Youth & Community Theatre for Development
- 3 Posts
- Age 22
Yesterday morning, on 23 June at UNICEF NYHQ, there was a feature on “Community Theatre in Achieving Results for Children” that was part of UNICEF’s 2014 Spotlight series on Communication for Development (C4D) Innovations for Equity. This feature facilitated a panel discussion on how Community Theatre can be an effective platform for youth to identify, validate, solve, and express personal, social, or political issues critical to their lives and experiences. There were quite a few poignant examples of Community Theatre efforts coming from different regions and on different issues – ranging from Street Children in Zambia to Internally Displaced Children in Tanzania to Children in Transitional Justice in Afghanistan. Community Theatre for youth seems to combine artistic expression with restorative justice and trauma therapy to those that need the tools to self reflect, to be heard, and to have communal support during both.
To start, Hjalmar Jorge Joffre-Eichhorn, a community activist and community theatre expert, speaking virtually to the room from Ukraine, highlighted how the point of Community Theatre is that it is theatre with, not for, communities. Therefore, it is an empowering method that centers on asking youth questions and engaging in discussion and listening rather than giving prescriptive, ready-made answers to youth. In terms of addressing trauma or discrimination, specifically, theatre has the ability to create spaces to come together and humanize one another which is incredibly important for communities and youth in fragile situations. Young people have expressed how theatre has encouraged them to become “protagonists of their own lives.”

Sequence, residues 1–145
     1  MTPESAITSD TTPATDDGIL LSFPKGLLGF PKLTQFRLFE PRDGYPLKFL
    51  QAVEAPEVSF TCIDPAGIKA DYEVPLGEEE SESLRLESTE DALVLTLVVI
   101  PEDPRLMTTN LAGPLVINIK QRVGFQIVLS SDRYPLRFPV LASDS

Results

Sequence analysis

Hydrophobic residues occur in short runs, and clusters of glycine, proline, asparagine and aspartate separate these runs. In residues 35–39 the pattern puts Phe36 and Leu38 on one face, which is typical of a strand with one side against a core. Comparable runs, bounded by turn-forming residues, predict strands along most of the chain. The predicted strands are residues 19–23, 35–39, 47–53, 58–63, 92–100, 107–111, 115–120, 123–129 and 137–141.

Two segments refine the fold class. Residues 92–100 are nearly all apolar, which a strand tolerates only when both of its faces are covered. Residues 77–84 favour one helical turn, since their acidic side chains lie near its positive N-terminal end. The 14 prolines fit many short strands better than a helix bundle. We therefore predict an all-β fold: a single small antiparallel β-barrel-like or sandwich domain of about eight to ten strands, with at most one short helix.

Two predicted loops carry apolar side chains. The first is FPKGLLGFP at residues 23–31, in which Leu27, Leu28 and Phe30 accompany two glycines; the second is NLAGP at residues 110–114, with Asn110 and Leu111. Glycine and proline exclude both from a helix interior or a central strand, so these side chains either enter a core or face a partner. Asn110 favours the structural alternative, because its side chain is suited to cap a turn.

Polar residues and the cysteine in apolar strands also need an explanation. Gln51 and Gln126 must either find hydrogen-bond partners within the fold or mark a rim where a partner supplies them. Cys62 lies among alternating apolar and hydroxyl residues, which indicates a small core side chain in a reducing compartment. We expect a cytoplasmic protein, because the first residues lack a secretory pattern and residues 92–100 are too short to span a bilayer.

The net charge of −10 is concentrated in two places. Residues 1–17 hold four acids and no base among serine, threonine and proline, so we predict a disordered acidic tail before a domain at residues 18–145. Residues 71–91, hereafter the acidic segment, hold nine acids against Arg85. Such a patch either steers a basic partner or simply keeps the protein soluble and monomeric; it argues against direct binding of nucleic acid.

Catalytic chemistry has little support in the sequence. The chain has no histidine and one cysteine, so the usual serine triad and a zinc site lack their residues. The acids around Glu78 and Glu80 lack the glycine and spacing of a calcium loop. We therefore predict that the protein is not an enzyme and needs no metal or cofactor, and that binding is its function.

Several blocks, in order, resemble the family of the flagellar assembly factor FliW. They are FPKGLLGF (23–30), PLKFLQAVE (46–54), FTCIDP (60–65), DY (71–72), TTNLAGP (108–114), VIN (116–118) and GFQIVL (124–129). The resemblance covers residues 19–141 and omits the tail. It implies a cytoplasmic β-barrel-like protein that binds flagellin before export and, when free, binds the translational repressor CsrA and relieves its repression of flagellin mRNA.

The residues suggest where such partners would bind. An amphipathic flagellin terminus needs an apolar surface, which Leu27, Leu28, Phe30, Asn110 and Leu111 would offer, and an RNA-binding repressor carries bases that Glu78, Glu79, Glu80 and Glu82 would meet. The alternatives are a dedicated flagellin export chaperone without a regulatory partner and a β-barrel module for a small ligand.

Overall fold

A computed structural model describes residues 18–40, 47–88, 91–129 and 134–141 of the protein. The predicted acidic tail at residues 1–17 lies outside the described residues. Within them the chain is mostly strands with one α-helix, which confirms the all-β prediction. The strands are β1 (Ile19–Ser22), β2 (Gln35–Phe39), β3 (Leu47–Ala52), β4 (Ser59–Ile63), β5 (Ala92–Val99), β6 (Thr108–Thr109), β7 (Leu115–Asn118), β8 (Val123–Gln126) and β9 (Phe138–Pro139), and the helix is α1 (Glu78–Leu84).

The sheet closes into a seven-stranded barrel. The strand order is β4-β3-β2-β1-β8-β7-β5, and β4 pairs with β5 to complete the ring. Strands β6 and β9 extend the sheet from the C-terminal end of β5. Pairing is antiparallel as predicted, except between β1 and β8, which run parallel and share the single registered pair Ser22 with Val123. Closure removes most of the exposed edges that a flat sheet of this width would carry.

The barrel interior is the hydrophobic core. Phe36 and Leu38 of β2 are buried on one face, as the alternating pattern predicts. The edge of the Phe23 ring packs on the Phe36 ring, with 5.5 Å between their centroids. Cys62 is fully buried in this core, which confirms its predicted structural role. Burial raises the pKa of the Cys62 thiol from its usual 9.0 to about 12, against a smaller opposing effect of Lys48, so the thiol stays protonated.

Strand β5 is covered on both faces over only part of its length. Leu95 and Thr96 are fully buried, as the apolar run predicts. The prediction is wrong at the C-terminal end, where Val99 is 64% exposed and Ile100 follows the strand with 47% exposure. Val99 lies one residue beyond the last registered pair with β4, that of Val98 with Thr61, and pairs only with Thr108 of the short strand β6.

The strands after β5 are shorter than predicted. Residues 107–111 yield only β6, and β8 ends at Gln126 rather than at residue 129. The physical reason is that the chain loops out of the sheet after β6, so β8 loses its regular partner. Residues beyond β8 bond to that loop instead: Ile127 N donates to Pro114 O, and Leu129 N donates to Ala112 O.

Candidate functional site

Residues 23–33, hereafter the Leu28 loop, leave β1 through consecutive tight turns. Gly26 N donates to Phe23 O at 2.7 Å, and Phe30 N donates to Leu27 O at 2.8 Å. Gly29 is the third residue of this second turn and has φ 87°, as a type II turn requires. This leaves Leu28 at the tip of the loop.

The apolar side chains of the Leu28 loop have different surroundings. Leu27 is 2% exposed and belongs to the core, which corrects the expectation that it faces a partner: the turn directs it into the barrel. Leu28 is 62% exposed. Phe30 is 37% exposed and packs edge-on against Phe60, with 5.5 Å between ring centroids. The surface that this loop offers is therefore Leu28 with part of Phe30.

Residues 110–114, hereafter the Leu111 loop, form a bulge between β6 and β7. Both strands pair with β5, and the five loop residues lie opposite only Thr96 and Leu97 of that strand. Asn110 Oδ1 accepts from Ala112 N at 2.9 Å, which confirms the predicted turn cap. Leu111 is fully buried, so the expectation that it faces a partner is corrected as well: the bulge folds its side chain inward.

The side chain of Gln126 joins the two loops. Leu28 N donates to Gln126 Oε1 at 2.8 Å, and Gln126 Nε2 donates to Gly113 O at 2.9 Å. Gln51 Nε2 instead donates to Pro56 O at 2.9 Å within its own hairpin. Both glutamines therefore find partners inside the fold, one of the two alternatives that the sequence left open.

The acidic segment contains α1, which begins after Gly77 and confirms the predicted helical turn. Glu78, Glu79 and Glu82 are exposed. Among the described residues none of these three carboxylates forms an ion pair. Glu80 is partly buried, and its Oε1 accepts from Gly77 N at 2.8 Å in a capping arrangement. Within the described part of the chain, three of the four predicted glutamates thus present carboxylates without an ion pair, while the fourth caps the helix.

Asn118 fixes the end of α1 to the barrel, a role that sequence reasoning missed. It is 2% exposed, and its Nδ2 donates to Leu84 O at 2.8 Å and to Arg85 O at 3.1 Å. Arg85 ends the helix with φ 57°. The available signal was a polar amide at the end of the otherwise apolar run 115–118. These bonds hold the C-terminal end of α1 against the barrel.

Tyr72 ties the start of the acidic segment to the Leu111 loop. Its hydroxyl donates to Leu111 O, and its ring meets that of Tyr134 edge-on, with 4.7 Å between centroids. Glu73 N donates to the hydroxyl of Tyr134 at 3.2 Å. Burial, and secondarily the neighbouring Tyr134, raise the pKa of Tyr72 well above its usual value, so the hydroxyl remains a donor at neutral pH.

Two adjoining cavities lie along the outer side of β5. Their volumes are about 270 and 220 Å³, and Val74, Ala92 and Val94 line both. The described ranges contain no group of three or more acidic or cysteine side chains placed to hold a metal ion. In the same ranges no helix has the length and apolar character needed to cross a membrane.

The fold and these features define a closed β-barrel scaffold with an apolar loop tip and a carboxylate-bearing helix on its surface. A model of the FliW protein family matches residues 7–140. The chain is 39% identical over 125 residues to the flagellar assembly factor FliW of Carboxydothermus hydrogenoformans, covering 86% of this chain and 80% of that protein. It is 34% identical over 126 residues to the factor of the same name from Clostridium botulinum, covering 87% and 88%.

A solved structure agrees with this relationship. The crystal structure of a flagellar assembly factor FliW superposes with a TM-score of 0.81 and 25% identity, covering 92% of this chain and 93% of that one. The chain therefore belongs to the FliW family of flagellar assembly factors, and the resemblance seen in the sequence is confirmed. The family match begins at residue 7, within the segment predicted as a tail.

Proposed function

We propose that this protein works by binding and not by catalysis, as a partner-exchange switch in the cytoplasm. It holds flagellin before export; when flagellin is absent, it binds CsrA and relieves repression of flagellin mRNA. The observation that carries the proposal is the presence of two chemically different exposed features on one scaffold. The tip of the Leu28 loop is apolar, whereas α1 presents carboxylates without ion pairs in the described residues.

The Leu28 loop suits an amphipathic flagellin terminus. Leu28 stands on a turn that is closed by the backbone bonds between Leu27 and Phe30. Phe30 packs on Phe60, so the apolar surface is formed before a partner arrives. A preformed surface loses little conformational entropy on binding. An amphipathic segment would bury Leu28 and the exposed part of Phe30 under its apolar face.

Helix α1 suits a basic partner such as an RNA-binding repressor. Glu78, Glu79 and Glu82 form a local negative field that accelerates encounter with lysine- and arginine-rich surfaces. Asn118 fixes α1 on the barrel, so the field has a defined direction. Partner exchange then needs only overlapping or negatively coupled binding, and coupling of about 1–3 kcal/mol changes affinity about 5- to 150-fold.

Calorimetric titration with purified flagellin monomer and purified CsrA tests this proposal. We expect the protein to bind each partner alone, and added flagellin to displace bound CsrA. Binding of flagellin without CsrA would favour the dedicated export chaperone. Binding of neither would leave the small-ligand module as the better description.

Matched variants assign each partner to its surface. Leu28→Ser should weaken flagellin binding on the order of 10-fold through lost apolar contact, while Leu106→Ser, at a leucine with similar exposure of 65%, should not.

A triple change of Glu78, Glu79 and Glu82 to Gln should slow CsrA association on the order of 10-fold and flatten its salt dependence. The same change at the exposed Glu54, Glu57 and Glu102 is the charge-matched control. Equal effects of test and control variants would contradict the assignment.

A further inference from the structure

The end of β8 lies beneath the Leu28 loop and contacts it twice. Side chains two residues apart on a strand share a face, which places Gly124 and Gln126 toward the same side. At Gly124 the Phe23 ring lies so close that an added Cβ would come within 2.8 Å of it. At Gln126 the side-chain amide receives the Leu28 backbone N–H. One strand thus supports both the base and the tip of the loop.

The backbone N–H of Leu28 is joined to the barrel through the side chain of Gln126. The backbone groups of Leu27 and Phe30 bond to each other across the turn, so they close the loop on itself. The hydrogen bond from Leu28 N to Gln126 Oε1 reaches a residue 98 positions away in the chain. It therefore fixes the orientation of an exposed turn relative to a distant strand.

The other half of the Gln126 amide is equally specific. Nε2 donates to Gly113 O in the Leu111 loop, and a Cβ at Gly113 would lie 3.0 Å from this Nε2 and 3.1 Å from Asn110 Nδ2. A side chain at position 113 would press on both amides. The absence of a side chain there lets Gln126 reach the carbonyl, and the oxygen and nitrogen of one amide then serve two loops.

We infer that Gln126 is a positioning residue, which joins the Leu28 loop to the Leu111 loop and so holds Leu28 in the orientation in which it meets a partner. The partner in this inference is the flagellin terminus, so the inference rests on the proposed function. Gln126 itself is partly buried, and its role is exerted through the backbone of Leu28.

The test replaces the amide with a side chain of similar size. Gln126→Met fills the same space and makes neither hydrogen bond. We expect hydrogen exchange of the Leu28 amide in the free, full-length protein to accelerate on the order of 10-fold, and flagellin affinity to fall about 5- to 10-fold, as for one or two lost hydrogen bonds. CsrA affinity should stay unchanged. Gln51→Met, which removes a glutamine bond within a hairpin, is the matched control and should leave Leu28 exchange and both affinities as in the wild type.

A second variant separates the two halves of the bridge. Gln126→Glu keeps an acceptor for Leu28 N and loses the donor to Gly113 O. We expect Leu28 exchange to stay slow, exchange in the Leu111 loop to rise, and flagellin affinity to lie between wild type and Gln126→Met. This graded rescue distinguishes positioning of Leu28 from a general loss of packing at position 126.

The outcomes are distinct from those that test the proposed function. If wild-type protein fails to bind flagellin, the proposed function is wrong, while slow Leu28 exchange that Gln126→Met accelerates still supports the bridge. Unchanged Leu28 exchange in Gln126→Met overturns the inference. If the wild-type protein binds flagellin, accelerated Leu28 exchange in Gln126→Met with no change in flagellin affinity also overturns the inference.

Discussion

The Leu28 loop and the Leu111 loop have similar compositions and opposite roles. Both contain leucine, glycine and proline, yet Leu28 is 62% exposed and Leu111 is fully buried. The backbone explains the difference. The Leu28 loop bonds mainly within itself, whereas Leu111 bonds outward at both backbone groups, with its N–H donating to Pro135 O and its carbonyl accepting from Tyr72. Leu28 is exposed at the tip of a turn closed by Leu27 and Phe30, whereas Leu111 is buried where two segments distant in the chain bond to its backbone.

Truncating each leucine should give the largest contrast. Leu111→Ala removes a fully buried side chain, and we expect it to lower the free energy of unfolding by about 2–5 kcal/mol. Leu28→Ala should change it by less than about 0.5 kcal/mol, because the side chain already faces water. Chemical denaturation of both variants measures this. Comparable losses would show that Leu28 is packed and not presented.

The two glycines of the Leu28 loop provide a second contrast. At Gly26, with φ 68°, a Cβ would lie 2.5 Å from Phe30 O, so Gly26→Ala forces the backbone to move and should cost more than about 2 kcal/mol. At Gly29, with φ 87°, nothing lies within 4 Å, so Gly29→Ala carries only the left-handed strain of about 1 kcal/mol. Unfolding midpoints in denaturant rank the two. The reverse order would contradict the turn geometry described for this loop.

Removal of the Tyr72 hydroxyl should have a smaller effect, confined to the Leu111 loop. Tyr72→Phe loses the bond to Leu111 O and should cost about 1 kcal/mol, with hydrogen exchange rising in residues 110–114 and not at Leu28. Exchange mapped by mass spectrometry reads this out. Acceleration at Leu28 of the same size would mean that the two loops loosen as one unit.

A special guest at UNICEF was the Barefeet Theatre group from Zambia. Adam McGuigan, the artistic Director and Group member introduced the organization’s model for Theatre for Development. The history of Barefeet Theatre originated during Zambia’s 2006 election when street children were given a lot of negative media attention as to how dangerous they were. When the group provided youth, including street children, artistic opportunities, it facilitated getting children from the streets, into safer environments, and connected to other services. Theatre gave youth a voice and allowed young people themselves to identify the issues important to them that they wanted to perform and express to the community. McGuigan described the organization’s “light bulb moment” in 2006 when street children performed, were applauded, and seen in a positive light by the broader community. That is, the positive affirmation motivated each young person to work towards more performances, staying off the streets, and being heard by others. When youth actors and actresses used their own stories to perform, they had something to engage in and focus on. When they were celebrated, the youth recognized their own importance and voice. After its establishment in 2006, Barefeet Theatre had to grow because so many young people were coming in to participate. It now holds a Children’s Council, reaches out to vulnerable children, builds performance companies, launches workshop interventions, and holds an artist festival that trains and supports local and children artists to express themselves.